Staff With ‘Gender Expertise’ Needed To Strengthen Policies, Programs at Global Fund, Report Says
The Global Fund To Fight AIDS, Tuberculosis and Malaria needs to hire staff with "gender expertise" to better address the "feminization" of the HIV/AIDS pandemic in the fund's policies and programs, according to a report released on Thursday by the International Center for Research on Women, CQ HealthBeat reports (CQ HealthBeat, 12/2). ICRW researcher Nata Duvvury and consultants Helen Cornman and Carolyn Long conducted the two-year study, titled "Strengthening Civil Society Participation and Gender Expertise" and funded by the Ford Foundation (ICRW release, 12/1). The report notes that the Global Fund has been a "leader in its commitment to integrating gender concerns into its structures, policies and processes" (ICRW report executive summary, 12/1). However, according to CQ HealthBeat, "involving women is not enough to ensure that gender concerns are addressed in programs and policies," Duvvury and her colleagues wrote in the report, adding, "Staff who have gender expertise are needed -- people who thoroughly understand the different roles and responsibilities of men and women and how that affects power, access to resources and vulnerability to diseases." The report recommends that the board of the Global Fund during its December meeting add at least one "gender expert" to the technical committee that oversees funding proposals, CQ HealthBeat reports. In addition, it calls on the members to draw up a manual of guidelines to help participating countries incorporate gender sensitivity into their procedures and programs to fight the three diseases. ICRW President Geeta Rao Gupta at a briefing on Thursday said that according to U.N. figures, females account for 75% of people under the age of 24 who acquire HIV in sub-Saharan Africa. She also noted that while half of HIV-positive people worldwide are women, men have greater access to treatment and prevention services for HIV, as well as for TB and malaria. The Global Fund could not be immediately reached for comment, according to CQ HealthBeat.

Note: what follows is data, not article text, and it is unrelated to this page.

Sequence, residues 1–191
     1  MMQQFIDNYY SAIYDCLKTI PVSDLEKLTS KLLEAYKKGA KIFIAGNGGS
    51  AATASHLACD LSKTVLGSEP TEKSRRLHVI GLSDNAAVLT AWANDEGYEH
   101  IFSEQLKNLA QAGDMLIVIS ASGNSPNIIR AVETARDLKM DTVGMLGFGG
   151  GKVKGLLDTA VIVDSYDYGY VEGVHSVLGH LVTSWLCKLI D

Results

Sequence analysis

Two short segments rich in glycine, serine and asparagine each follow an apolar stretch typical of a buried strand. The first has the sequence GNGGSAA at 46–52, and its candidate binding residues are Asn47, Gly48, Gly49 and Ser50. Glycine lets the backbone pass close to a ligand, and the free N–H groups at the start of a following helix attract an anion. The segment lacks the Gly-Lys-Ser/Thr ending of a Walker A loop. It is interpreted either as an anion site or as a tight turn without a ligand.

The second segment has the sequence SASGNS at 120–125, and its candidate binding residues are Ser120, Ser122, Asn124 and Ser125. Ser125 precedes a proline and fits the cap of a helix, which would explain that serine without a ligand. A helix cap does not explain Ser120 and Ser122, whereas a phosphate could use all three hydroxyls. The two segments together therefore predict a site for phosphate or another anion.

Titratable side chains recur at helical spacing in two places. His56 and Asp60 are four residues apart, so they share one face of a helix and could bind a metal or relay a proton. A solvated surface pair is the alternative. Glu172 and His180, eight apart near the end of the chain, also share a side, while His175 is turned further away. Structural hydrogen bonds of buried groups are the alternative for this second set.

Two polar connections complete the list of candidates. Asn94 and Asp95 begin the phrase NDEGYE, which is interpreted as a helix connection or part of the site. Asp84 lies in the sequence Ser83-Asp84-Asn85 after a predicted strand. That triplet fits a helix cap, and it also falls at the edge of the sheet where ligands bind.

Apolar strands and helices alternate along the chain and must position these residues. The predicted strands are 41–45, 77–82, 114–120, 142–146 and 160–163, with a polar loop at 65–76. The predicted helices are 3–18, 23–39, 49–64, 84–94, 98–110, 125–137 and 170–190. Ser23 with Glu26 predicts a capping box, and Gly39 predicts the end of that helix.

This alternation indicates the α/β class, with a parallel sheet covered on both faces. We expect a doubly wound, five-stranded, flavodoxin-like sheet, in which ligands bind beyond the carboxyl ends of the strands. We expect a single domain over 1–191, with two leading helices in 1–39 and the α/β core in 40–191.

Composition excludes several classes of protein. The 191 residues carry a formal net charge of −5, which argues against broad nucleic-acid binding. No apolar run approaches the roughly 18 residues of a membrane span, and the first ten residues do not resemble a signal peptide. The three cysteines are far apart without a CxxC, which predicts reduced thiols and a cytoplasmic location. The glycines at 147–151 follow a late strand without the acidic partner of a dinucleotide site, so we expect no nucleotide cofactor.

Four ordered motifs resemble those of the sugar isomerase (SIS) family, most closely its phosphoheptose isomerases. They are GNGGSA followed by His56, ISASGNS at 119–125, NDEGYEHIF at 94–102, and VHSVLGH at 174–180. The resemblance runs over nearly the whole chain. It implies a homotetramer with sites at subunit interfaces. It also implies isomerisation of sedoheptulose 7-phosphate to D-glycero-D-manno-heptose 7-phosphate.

Role of 'Civil Society' in Global Fund
An accompanying ICRW report -- titled "Participation of Civil Society in Global Governance: Lessons Learned from the Global Fund to Fight AIDS, Tuberculosis and Malaria" -- explores the role of the "civil society" -- which is made up of nongovernmental organizations and advocacy groups living and working in communities affected by HIV/AIDS, TB and malaria -- in the Global Fund's operations, CQ HealthBeat reports. According to preliminary findings of the study, civil society's advocacy work within the Global Fund "has ensured that resources flow to the areas, communities and sectors that need them most" (CQ HealthBeat, 12/2). The representation of the community to the Global Fund also has led to increased funds for programs, "democratic decision-making and a better balance of power between civil society organizations in developed and developing countries," according to an ICRW release (ICRW release, 12/1).